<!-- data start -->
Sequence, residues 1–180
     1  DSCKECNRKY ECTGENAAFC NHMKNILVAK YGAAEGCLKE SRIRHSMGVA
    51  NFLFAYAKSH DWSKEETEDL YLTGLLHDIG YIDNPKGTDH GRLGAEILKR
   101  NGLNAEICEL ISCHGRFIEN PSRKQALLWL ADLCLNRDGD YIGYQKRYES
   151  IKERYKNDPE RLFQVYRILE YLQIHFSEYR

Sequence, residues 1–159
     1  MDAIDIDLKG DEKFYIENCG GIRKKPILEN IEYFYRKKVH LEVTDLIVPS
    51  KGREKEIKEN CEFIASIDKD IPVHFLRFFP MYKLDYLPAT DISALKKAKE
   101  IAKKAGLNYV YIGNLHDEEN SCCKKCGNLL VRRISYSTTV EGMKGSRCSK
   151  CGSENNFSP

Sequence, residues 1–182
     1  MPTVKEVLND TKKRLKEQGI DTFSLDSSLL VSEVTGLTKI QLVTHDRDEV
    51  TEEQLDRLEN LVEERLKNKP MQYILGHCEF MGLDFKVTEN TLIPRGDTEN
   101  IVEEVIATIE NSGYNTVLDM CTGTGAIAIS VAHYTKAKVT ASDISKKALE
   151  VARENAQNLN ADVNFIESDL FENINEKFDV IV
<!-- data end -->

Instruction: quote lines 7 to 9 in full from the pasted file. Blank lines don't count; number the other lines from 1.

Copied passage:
     1  MDAIDIDLKG DEKFYIENCG GIRKKPILEN IEYFYRKKVH LEVTDLIVPS
    51  KGREKEIKEN CEFIASIDKD IPVHFLRFFP MYKLDYLPAT DISALKKAKE
   101  IAKKAGLNYV YIGNLHDEEN SCCKKCGNLL VRRISYSTTV EGMKGSRCSK